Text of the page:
Novo Nordisk acquired 100% of shares in UK-based biotechnology firm Ziylo under a potential deal worth more than $800m.
A University of Bristol spin-off, Ziylo primarily focuses on leveraging synthetic glucose binding molecules for therapeutic and diagnostic purposes.
As a result of the transaction, Novo Nordisk gains all rights to the glucose binding molecule platform for the development of glucose responsive insulins.
A new pre-clinical study by the Perelman School of Medicine at the University of Pennsylvania showed the potential of a universal flu vaccine candidate in protecting against different strains.
When tested in mice, the vaccine is reported to have triggered a strong antibody response to the hemagglutinin (HA) stalk present on the surface of flu viruses.
Such protective responses against a conserved region are expected to offer broad protection against the virus, which evolves into new strains each season and causes numerous hospitalisations and deaths.
An early clinical trial conducted by UK researchers demonstrated positive profile for the use of vistusertib and paclitaxel combination to treat ovarian and lung cancers.
The research team involved the Institute of Cancer Research (ICR) and the Royal Marsden NHS Foundation Trust, along with nine clinical centres across the country.
During the phase I trial, the drug with chemotherapy was able to shrink tumours of both cancer types.
The US Department of Justice (DOJ) reportedly launched an investigation into a lawsuit that alleges AstraZeneca bribed terrorists in order to win contracts with the Iraqi Ministry of Health.
The DOJ probe is set to assess the claims made in a litigation filed in October last year against companies AstraZeneca, Pfizer, Roche, Johnson & Johnson and General Electric.
The complaint was lodged in the District of Columbia federal court by US nationals who were wounded or the kin of those killed in Iraq between 2005 and 2009.
A team of researchers from the University of Pennsylvania in the US discovered that cancer cells release biological ‘drones’ to fight the immune system from afar.
These small vesicles, called exosomes, circulate in the blood and are armed with the protein PD-L1. The release causes T-cells to tire before they can reach the tumour and fight.
The latest work is a collaboration between Wei Guo of Penn’s School of Arts and Sciences and Xiaowei Xu of the Perelman School of Medicine.
Allergan signed a definitive agreement to divest five products under its US Medical Dermatology division to Spanish pharmaceutical company Almirall for a cash consideration of $550m.
The products include both mature and growth brands, Aczone (dapsone), Tazorac (tazarotene), Azelex (azelaic acid) and Cordran Tape (fludroxycortide).
Together, the four products registered net sales of $70m during the first half of this year.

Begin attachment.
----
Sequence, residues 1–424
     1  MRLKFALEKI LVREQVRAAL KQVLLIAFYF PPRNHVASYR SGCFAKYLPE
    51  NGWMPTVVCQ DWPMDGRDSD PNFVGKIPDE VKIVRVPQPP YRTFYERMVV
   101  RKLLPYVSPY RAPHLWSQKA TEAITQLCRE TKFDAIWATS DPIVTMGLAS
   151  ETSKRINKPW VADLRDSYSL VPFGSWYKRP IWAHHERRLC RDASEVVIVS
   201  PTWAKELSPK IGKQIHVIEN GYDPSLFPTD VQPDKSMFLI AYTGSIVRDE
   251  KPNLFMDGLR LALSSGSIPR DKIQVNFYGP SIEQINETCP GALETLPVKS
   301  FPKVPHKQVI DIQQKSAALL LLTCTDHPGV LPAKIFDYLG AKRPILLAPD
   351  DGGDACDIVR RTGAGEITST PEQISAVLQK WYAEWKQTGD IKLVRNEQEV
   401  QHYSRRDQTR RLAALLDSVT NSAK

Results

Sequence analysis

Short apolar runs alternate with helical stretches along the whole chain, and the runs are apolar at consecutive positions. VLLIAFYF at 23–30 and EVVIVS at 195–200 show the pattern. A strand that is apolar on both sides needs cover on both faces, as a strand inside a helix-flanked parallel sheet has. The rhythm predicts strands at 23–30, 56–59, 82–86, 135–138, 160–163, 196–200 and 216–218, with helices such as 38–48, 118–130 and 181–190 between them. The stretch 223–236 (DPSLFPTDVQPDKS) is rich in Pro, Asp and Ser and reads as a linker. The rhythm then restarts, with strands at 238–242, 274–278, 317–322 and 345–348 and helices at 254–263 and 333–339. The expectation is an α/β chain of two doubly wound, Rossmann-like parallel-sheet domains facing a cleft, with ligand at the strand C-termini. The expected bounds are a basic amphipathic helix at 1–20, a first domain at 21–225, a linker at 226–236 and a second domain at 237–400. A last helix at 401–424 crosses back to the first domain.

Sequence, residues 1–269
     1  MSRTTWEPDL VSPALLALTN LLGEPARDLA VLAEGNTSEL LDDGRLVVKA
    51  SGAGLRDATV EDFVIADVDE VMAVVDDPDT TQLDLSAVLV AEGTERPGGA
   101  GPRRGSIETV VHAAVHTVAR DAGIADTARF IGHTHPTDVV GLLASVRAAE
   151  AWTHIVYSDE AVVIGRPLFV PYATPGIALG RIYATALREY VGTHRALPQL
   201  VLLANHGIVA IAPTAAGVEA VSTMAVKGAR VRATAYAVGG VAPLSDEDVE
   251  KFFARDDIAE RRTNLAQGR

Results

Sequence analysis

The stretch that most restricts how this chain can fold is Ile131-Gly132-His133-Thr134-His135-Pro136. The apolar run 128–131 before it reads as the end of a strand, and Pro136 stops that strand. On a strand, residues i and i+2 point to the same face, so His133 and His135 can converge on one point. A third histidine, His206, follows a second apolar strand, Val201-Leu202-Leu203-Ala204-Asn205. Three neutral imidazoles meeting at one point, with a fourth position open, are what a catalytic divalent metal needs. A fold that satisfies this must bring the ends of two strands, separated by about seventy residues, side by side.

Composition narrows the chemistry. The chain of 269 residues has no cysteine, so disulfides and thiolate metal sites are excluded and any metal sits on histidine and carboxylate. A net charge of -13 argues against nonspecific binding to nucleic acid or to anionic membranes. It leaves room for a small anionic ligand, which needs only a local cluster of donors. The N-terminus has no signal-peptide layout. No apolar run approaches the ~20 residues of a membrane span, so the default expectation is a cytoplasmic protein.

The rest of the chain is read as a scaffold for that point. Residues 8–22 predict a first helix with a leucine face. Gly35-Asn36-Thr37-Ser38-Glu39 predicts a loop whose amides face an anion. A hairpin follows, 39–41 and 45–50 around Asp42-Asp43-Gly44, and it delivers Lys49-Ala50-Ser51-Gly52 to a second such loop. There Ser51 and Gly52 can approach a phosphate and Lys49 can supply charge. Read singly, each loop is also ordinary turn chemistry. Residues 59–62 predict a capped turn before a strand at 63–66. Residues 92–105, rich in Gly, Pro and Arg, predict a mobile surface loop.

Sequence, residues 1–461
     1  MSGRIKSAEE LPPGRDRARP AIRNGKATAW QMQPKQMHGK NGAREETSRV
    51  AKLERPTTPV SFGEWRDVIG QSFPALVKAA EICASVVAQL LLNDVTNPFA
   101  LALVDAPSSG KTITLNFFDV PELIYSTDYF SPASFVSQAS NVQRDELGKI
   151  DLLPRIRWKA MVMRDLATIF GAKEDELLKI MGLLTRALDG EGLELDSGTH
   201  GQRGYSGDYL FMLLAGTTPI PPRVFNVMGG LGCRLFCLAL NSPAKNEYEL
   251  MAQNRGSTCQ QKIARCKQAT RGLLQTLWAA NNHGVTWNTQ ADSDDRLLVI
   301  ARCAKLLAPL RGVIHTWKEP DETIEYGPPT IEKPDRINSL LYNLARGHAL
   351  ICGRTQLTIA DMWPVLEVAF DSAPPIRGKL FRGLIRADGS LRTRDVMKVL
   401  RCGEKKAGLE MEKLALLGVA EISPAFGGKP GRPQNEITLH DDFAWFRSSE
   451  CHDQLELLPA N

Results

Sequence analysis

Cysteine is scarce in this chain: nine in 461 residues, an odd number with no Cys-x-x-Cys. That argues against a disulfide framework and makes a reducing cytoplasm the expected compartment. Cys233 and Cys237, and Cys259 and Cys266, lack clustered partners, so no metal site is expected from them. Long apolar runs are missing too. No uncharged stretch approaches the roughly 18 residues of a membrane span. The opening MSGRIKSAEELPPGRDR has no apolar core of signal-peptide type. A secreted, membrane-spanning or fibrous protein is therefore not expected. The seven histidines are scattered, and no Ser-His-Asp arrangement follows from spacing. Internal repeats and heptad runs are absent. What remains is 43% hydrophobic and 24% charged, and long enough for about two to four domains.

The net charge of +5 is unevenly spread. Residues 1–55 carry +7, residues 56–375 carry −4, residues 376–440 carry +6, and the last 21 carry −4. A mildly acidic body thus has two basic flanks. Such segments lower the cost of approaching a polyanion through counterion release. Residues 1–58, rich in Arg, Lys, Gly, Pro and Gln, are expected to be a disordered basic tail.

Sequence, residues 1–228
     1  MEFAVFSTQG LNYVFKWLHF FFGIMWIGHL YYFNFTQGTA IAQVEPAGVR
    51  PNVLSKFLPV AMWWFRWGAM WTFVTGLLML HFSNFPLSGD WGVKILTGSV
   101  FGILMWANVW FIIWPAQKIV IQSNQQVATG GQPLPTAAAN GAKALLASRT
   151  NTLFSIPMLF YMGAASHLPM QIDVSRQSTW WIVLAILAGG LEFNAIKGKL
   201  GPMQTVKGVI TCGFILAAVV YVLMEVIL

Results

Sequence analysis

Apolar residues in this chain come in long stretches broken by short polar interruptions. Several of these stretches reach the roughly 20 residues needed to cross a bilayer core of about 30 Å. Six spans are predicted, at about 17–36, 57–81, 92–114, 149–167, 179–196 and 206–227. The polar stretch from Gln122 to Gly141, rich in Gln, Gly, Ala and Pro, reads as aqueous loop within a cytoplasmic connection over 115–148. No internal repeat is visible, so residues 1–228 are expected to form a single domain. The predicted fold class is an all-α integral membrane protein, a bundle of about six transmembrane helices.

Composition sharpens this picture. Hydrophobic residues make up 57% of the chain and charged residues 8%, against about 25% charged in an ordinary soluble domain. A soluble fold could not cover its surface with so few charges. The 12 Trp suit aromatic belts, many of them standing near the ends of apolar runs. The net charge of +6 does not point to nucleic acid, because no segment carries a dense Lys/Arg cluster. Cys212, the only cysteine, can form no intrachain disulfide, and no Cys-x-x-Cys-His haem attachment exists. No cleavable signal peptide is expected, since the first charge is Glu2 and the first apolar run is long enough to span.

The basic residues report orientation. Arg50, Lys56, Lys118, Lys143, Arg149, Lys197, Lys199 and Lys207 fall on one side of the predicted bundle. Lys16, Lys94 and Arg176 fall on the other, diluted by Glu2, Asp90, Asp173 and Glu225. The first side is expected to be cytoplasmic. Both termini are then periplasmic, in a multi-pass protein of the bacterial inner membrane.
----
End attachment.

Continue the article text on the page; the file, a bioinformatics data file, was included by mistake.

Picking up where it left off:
US-based life sciences company Emergent BioSolutions signed an agreement to purchase specialist vaccines developer PaxVax for $270m under a cash-based consideration.
The agreement covers the US Food and Drug Administration (FDA) licensed Vivotif vaccine to prevent typhoid fever and a cholera prevention vaccine called Vaxchora.
Emergent will also gain an adenovirus 4/7 vaccine candidate being developed as part of a contract with the US Department of Defense for military personnel.
The US Food and Drug Administration (FDA) approved the first generic version of the EpiPen and EpiPen Jr (epinephrine) auto-injector for severe allergic attacks, including life-threatening anaphylaxis.
The EpiPen was approved in 2007 and is marketed by Mylan. However, since then both the company and its product have been involved in a number of scandals. Notably the price of the EpiPen has increased from $57 in 2007 to approximately $600 in 2016 and in May, the FDA had to place Mylan’s EpiPen on its official shortages list as a result of manufacturing delays.
German biopharmaceutical company BioNTech signed a research and development (R&D) agreement with Pfizer for the development of mRNA-based vaccines to prevent influenza.
Under the multi-year partnership, BioNTech and Pfizer intend to jointly carry out R&D activities in order to advance flu vaccines.
According to the agreement, BioNTech will be responsible for completing the first human clinical study for the mRNA-based vaccines, while Pfizer will conduct further clinical development and commercialisation.
Researchers at the Dana-Farber Institute and Brigham and Women’s Hospital in the US claimed to have discovered how thalidomide caused severe birth defects and deaths in thousands of children during the 1950s and 1960s.
After being discovered in Germany in 1954, thalidomide was approved in 40 countries for pregnancy nausea. However, over time it became clear that the children of mothers taking the drug during a certain window in their first trimester were born with deformities or died before birth.